For the longest time on Saturday at Illinois, the Buckeyes looked like they were headed toward their second straight shutout. The Illini rallied with 10 fourth-quarter points, although the top-ranked Buckeyes were able to hang on for a 17-10 win.
"That was a great job by the defense today," said OSU center Doug Datish. "They really helped us out, especially in the second half."
Some may say Ohio State overlooked Illinois, which came in with a 2-7 record.
"We knew coming in their mind-set was the only chance to have a little bit of glory in their season was to knock off Ohio State," said defensive end Jay Richardson, who tallied two tackles, one for loss and a pass broken up. "We understood that and we knew they weren't going to just roll over for us. We got a little lax for a quarter or so and they tried to get a little surge. They got a turnover and got a little spark. We just had to play better."
Defensive tackle Quinn Pitcock added, "We knew it was going to be a battle. All four quarters, their players, their fans and their coaches were in the game. It's hard to be somebody when they (stick around) for four quarters. Defensively, we held them under our goal of 13 points or less. We feel like we can win the game if we can do that."
The defense came up big on what was the first true off night for the OSU offense, which was held to a season-low 224 yards.
"We can't always expect our offense to put up tons of numbers," Pitcock said. "It's a team effort. Our special teams also helped us in a lot of situations."
The game was billed as a match-up of Illinois' strong rushing offense (181.9 yards per game, second in the Big Ten) against OSU's rushing defense (91.7 yards per game allowed, also second in the Big Ten).
The Buckeyes held Illinois to 99 yards rushing on 22 attempts.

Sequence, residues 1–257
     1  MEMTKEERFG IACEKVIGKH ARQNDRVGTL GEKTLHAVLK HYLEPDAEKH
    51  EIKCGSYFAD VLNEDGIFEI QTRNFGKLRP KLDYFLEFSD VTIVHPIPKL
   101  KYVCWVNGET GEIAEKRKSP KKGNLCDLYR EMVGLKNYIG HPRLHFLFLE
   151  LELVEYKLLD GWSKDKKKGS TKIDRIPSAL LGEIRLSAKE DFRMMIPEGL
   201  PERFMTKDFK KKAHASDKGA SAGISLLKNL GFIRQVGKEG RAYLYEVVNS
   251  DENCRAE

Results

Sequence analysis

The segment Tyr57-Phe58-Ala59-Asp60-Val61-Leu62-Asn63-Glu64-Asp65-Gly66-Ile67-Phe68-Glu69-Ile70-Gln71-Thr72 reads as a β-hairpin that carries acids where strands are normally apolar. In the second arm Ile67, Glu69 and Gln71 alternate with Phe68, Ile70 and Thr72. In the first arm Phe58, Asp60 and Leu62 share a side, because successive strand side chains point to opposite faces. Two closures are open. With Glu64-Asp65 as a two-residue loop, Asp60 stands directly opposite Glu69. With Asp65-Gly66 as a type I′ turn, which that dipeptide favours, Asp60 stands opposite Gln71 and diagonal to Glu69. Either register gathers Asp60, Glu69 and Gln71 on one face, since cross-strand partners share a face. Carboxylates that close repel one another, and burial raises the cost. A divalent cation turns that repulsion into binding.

"They're second in the Big Ten in rushing and stopping the run is always what we try to do first," Pitcock said. "They had a 43-yard run (by Pierre Thomas) on the third play of the game, but I think other than that we were able to do that."
Defensive tackle David Patterson summed up the work turned in by the defense.
"It was a hard fought game," Patterson said. "They gave us some different looks. They came off the ball and they were physical. Their running backs were running hard and their quarterbacks were making plays. They really gave us a great challenge."
Cormerback Antonio Smith, who had five tackles, 1-1/2 tackles-for-loss and a pass broken up, said the Buckeyes knew they would get Illinois' best shot.
"We knew it was going to be tough because we knew they were going to play hard," Smith said. But I think this does prepare us for some adversity we will face in the Big Ten.
"When you don't give up any points, you are definitely doing something right. The defense has done a good job this year with everyone executing their responsibility and doing what they're supposed to do. Unfortunately, they got some points in this game and we weren't able to execute to our best. We have some things we have to get better at and that's what we will focus on."
Squeezing The Juice
In the throes of a tough year, Illinois coach Ron Zook has turned to freshman quarterback Isiah "Juice" Williams. But the Buckeyes got after Williams, prompting Zook to replace him briefly with former starter Tim Brasic.
They each played on Illinois' late touchdown drive that made the game a bit more interesting.
"We wanted to stop the run first," Pitcock said. "Juice Williams is a great scrambler. Some people say he throws better on the run. We wanted to try and keep him in the pocket."
Richardson confirmed that the Buckeyes wanted to make it difficult on Williams.
"Juice Williams is going to be a really good player," Richardson said. "He's a young guy and we had to get after him. We showed them a couple different coverages and tried to disguise some things and get some pressure on them. But they made a little surge."
Williams ended up 8 of 18 passing for 77 yards, while Brasic was 6 of 17 passing for 57 yards with an interception.
Ten Late Points